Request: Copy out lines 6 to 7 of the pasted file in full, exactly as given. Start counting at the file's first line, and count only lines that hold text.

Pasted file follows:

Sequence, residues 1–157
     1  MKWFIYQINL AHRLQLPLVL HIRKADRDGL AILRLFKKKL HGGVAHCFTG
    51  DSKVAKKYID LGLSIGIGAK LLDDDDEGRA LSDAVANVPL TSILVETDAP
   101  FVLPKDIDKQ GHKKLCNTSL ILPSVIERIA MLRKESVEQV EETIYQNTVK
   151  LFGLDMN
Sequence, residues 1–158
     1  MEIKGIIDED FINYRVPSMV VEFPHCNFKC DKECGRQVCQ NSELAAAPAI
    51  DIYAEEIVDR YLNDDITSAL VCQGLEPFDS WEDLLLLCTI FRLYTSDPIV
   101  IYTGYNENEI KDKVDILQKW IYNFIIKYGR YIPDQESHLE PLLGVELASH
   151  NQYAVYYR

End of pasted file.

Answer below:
Sequence, residues 1–158
     1  MEIKGIIDED FINYRVPSMV VEFPHCNFKC DKECGRQVCQ NSELAAAPAI